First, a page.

# [R-meta] calculate effect size and variance for prepost proportion data

James Pustejovsky jepu@to @end|ng |rom gm@||@com
Mon Jan 30 16:50:08 CET 2023

```Hi Sicong,

Responses below.

James

On Sun, Jan 29, 2023 at 6:30 AM Liu Sicong <64zone using gmail.com> wrote:

> Hi James,
>
>
>
> I would like to ask two follow-up questions regarding the V(LOR) formula
> you kindly suggested previously (the relevant part has been attached below
> inside ###--- for your convenience)
>
>    - Q1: what would you suggest to do when N is different between 6th
>    (pre )and 7th (post) grade? Perhaps use the average of Npre and Npost?
>
>
This is tricky. The statistically correct answer depends on the number of
events among the participants who have data at both time-points, which is
probably not reported very often in practice. As an ad hoc approach, my
first thought would be to use a) the minimum of N-pre and N-post or b) the
harmonic mean of N-pre and N-post, N-harmonic = 2 / (1 / N-pre + 1 /
N-post).

>
>    - Q2: if we assume outcomes are independent (i.e., B = P6*P7), would
>    the situation becomes similar to computing V(LOR) for between-condition
>    effect sizes of proportion outcomes? In such a case, would the V(LOR)
>    formula you suggested be mathematically related to the one for
>    between-condition effect sizes (i.e., V(LOR) = 1/A + 1/B + 1/C + 1/D, where
>    ABCD represents the number participants in the 2*2 table)?
>
>
Yes, if you assume independence, then the covariance term will drop out and
you'll be left with

V(LOR) = [P6 (1 - P6) + P7 (1 - P7)] / [N P6 (1 - P6) P7 (1 - P7)]
= 1 / [N P6 (1 - P6)] + 1 / [N P7 (1 - P7)]
= 1 / (N P6) + 1 / (N (1 - P6)) + 1 / (N P7) + 1 / (N (1 - P7))

> Say that that the outcome is school suspension (at any time) during 6th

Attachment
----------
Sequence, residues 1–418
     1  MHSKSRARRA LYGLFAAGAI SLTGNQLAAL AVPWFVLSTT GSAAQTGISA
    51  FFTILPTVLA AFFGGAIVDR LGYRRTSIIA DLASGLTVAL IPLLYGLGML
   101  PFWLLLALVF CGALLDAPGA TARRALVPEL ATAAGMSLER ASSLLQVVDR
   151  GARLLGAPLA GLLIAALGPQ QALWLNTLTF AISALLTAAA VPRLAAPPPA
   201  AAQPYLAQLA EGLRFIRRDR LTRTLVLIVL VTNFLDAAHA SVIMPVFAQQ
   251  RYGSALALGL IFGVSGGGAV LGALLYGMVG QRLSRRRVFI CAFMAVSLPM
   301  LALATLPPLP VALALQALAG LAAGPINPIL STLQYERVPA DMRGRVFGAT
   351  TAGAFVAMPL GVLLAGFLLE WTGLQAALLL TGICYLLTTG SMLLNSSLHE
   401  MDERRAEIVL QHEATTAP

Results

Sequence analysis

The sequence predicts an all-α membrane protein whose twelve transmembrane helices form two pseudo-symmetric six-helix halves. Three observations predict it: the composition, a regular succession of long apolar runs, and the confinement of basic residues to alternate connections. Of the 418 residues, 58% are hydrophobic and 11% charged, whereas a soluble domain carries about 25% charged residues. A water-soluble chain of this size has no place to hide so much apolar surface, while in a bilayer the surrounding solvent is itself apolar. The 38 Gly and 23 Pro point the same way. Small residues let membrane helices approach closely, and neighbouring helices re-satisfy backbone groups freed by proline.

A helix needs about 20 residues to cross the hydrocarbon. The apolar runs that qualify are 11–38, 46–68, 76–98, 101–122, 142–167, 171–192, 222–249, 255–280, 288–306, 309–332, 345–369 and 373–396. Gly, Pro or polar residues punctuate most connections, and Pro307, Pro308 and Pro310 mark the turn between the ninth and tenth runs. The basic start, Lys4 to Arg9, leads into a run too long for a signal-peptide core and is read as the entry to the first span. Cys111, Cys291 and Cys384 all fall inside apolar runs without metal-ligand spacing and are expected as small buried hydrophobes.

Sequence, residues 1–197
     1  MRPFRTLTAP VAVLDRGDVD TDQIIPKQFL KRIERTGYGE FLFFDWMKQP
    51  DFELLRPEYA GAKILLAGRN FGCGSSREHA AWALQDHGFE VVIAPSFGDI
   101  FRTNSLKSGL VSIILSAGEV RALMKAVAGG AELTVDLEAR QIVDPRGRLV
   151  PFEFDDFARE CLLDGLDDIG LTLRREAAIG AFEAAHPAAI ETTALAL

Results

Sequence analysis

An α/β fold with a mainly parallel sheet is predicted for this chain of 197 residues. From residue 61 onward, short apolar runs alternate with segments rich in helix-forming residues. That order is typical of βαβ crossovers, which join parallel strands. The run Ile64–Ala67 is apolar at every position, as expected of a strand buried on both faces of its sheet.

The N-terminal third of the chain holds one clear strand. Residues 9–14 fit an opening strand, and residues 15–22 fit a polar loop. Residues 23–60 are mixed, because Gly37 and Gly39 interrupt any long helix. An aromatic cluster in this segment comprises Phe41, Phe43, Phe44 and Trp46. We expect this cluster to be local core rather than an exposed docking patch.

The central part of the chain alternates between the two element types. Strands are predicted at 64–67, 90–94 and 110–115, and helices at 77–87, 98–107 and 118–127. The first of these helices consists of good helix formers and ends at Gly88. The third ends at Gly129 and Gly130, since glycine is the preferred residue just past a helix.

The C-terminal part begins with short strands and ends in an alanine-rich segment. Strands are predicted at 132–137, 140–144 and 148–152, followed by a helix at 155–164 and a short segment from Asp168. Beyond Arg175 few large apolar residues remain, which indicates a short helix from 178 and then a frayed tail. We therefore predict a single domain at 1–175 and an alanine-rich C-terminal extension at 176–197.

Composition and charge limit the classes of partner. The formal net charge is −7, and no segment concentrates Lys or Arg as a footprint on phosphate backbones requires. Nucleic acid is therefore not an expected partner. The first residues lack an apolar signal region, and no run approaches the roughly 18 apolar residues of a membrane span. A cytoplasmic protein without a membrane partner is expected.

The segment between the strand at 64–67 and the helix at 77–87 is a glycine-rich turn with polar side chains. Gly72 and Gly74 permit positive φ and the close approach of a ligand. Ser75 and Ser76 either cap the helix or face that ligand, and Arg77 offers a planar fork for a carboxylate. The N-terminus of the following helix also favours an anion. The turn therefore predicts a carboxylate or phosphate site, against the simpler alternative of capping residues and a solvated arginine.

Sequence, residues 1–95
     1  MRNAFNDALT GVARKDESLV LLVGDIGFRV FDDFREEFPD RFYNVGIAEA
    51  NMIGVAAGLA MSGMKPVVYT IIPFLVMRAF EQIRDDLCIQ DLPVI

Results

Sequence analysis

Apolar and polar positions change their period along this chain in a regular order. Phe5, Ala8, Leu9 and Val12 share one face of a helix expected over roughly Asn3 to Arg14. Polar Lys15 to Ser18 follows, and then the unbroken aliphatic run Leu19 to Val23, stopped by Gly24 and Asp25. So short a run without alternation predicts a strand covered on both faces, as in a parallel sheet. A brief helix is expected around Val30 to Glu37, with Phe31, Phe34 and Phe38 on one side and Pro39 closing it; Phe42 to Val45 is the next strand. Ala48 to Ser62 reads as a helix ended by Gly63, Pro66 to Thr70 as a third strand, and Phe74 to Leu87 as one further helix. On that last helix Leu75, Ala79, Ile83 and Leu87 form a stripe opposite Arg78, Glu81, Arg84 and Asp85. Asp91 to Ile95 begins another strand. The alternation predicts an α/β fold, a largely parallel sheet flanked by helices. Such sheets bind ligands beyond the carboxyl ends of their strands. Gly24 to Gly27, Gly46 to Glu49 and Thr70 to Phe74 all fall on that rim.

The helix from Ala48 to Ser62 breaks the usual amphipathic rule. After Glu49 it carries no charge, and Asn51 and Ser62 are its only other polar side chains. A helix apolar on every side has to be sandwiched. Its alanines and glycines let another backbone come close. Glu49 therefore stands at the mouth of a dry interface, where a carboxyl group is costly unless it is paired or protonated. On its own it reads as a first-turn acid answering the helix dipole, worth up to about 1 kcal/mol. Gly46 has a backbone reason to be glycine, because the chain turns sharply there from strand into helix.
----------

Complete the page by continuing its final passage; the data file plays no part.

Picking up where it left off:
> grade (pre) and 7th grade (post). Let P6 be the overall proportion of
> students suspended during 6th grade, P7 be the overall proportion of
> students suspended during 7th grade, and B be the proportion of students
> suspended during both 6th and 7th grades. Let N be the total sample size
> (which I'm assuming to be the same at both time points). The pre-post LOR is
>
> LOR = log[P7 / (1 - P7)] - log[P6 / (1 - P6)]
>
> And an estimate of its sampling variance is
> V(LOR) = [P6 (1 - P6) + P7 (1 - P7) - 2 (B - P6 * P7)] / [N P6 (1 - P6) P7
> (1 - P7)]
>
> As you can see, you'll need to know B to compute this. If this is not
> reported, you could use a conservative estimate (i.e., a probable
> over-estimate) of the sampling variance based on the assumption that the
> outcomes are independent (in which case B = P6 * P7 and the last term in
> the numerator drops out) but I'm not sure how useful that would be in your
> application.
>
> ### ---
>
>
>
>
>
>
>
> ------------------------------------------
> Sicong (Zone) Liu, Ph.D.
> Research Associate
> University of Pennsylvania
>
> 3620 Walnut Street,
> ------------------------------------------
>
>
>
> *From: *James Pustejovsky <jepusto using gmail.com>
> *Date: *Wednesday, January 4, 2023 at 11:28 PM
> *To: *Sicong Liu <64zone using gmail.com>
> *Cc: *"r-sig-meta-analysis using r-project.org" <
> r-sig-meta-analysis using r-project.org>
> *Subject: *Re: [R-meta] calculate effect size and variance for prepost
> proportion data
>
>
>
> Yes, if you transform from LOR to d by taking sqrt(3 / pi) * LOR, then you
> would multiply V(LOR) by 3 / pi.
>
>
>
> On Wed, Jan 4, 2023 at 7:34 PM Liu Sicong <64zone using gmail.com> wrote:
>
> Thank you for clarifying James!
>
>
>
> Just one follow-up question:
>
>    - If I would like to transform the V(LOR) to Cohen’s d metric, does
>    “V(LOR) * 3/Pi” still work? Thank you!
>
>
>
> Cheers,
>
> Zone
>
> -------------
>
>
>
>
>
> *From: *James Pustejovsky <jepusto using gmail.com>
> *Date: *Tuesday, January 3, 2023 at 3:57 PM
> *To: *Sicong Liu <64zone using gmail.com>
> *Cc: *"r-sig-meta-analysis using r-project.org" <
> r-sig-meta-analysis using r-project.org>
> *Subject: *Re: [R-meta] calculate effect size and variance for prepost
> proportion data
>
>
>
> Hi Zone,
>
>
>
> I have not been able to find a reference for the pre-post log odds ratio
> in particular. I derived the formula using the delta method (same as Wei
> and Higgins) and the properties of the multinomial distribution.
>
>
>
> Perhaps others on the list know of a reference?
>
>
>
> James
>
>
>
> On Tue, Jan 3, 2023 at 2:13 PM Liu Sicong <64zone using gmail.com> wrote: